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Three days, two funerals, one family: my community in Efrat is reeling after a Passover terror attack

Passover is a time for family outings. They shouldn’t be to a cemetery

I stood with thousands of my neighbors and countrymen today in the cold rain to do the impossible: Comfort the remaining members of the Dee family as they buried their beloved matriarch, Lucy, two days after the double funeral for two of her five children, 20-year-old Maya and 15 year-old Rina.

I’ve never been to two funerals in the same week. Certainly not for members of a single family, much less ones gunned down by Palestinian Arab terrorists.

But here we were, lining the streets of Efrat as the Dee family drove from their home in my neighborhood to the cemetery a few miles away. News outlets reported that 10,000 people came to the funeral on Sunday. Today there were even more. We had to park a 30-minute walk from the graveyard.

The funeral of Lucy Dee, who was succumbed to her injuries sustained in a drive-by shooting in the West Bank. Photo by Jonathan Feldstein

Families stood together, many with children too young to understand what we were doing. Some held hand-printed signs showing love and support, others carried Israeli flags of all sizes. I saw a little boy with a pacifier in his mouth, holding more flags than he was years old.

Along the way on Sunday, neighbors had set up tables with cups and cold water. Today, because of the weather, the tables held hot water for coffee and tea. When tragedy strikes a family and community like this, we all bleed blue and white and are united in solidarity.

Passover is a time to be with family — at the Seder, and on holiday outings throughout the week. It was at the outset of such a family outing that the Dee family was attacked. It was surreal that our family’s outings for the fourth and sixth days were to funerals for two vibrant young women and then their mother, who was 48.

Sunday’s ceremony was particularly awful.

The funeral home near our community of 12,000 residents is made for one burial at a time. There’s a stone slab on which the deceased’s shroud-covered body is placed before burial. With two sisters who were executed together being buried together, a makeshift platform held one of the bodies as they were carried into the packed hall.

The sisters, brother and father of Rina and Maya Dee mourn during their funeral at the Kfar Etzion settlement cemetery in the occupied West Bank, on April 9, 2023. Photo by Menahem Kahana/AFP via Getty Images

The two surviving Dee sisters embraced the shrouded bodies, weeping uncontrollably. Two days later, a similar scenario unfolded as the girls prepared to bury their mother next to their sisters.

My wife, children and I stood outside the building with thousands of others, surrounding it as if in a big hug: family, friends, loved ones and complete strangers. Speakers broadcast the prayers and eulogies into the parking lot.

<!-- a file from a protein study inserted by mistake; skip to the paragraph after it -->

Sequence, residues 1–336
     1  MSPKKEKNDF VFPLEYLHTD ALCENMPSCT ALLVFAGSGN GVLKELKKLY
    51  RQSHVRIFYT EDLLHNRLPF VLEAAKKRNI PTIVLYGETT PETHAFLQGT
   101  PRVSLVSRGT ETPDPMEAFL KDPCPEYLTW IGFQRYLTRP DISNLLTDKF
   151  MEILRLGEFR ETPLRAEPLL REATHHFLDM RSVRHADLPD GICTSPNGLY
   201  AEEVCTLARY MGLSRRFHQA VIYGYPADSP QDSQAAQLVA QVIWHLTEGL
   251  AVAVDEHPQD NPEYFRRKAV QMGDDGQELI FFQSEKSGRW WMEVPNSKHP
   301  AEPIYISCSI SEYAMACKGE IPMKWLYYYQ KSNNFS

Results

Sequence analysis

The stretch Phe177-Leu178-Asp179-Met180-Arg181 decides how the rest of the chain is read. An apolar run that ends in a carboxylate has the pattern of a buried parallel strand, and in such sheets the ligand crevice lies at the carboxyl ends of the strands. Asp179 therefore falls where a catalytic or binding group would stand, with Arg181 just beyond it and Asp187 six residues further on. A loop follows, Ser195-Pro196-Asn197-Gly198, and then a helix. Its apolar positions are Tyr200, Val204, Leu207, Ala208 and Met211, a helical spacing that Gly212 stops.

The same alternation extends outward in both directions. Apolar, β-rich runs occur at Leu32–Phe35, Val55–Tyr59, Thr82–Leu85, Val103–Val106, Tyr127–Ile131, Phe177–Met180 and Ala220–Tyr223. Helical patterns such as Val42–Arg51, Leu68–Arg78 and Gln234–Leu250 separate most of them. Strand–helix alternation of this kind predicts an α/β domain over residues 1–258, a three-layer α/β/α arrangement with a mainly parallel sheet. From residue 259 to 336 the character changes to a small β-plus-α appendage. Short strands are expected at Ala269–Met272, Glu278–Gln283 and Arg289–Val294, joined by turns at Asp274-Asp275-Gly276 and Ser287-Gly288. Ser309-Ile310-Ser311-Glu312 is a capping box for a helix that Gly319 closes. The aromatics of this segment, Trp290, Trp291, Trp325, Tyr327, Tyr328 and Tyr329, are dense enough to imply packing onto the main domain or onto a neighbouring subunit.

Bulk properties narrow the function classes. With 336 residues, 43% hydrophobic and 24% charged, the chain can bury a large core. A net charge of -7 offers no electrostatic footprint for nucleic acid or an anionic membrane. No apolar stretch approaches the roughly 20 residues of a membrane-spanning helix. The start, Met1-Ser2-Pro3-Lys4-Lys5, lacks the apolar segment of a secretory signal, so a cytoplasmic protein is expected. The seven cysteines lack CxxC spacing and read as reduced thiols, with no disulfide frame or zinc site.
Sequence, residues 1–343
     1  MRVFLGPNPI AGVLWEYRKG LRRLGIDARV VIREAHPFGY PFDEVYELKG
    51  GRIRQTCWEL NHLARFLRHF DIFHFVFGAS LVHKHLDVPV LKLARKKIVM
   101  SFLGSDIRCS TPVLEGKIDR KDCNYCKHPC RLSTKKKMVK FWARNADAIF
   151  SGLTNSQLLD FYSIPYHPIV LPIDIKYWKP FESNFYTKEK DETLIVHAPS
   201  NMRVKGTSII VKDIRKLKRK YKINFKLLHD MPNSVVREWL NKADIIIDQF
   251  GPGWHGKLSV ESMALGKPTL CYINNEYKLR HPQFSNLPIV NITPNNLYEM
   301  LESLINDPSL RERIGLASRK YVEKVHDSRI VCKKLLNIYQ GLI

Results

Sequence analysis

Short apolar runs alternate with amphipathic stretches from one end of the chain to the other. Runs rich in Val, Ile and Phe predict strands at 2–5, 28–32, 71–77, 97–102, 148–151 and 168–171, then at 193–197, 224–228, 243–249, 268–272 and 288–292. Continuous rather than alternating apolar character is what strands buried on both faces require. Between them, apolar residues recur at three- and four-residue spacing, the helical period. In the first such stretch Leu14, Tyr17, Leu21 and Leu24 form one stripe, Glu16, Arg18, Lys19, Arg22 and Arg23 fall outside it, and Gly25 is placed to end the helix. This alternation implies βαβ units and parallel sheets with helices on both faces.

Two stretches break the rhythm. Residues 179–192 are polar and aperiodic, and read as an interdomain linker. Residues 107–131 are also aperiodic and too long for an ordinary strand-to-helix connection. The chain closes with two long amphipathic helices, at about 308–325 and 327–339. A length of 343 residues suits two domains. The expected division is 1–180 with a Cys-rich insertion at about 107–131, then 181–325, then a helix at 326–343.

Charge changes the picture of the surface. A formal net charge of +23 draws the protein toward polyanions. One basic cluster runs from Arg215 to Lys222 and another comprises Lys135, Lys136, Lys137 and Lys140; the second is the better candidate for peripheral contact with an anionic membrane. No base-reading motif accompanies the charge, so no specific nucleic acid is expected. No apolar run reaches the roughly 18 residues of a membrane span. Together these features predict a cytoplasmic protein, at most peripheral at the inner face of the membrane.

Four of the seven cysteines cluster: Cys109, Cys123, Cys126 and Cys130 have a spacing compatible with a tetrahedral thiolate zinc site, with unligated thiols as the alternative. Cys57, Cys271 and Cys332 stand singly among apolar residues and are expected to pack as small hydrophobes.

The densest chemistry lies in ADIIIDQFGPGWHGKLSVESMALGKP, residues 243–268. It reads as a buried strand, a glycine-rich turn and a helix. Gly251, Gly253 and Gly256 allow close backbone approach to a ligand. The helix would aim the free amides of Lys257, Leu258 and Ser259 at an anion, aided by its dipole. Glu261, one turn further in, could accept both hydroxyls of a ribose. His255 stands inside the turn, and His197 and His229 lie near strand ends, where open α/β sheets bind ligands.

Amid uncontrollable sobbing and wailing, the girls’ father, Rabbi Leo Dee, found strength to speak meaningfully, trying to find in his daughters’ murder a way for uniting all Israel. His three surviving children also spoke lovingly if gut-wrenchingly.

One of the sisters wept on Sunday as she shared that their “sisters” WhatsApp group would now just be a private chat between the surviving two. Two of the siblings apologized that they were not able to protect their sisters, wishing aloud that they would have taken the bullets for them.

On Sunday, Rabbi Dee had wondered aloud how he would tell his wife that their two daughters were gone when she woke up from her coma. But she did not wake up. Instead, he was burying her. He said at Tuesday’s funeral that he had lost his best friend. Unimaginable.

The Hebrew word for “why” is “lama.” That was the word on everyone’s mind. Why? One of the family members noted in their eulogy on Sunday that “lama” is similar to “le ma,” which translates to “what for?” The Dees and all of Israel are not just asking “Why?” but “What for?” As in, what could come out of this murder?

Some see terrorist murders like these as political. They are not political; they are just evil. They are a product of a theology and ideology that sees Jewish presence in the Land of Israel as being illegitimate, hateful and something to destroy, whether in Jerusalem, Efrat, the Jordan Valley or Tel Aviv.

I was interviewed by a Swedish media outlet after the funeral. I was asked if I was hopeful. I thought of the words of Israel’s former Prime Minister, Golda Meir, who is often quoted as having said that we will only have peace when the Arabs love their children more than they hate ours. It’s still true.

On the way home from Sunday’s funeral, we drove past sites of four previous terror attacks. In my own neighborhood, before driving past the Dees’ house, I passed the home of a friend whose son was killed by terrorists 15 years ago. It was around the corner from the home of a man who was murdered four years ago, and past a park in memory of a soldier from our community who died in service.

We also gave a ride home to a neighbor who was the aunt of one of the three boys who were kidnapped and murdered in 2014, less than a mile from the cemetery where the Dee sisters were buried. It’s all very close to home. Too close.

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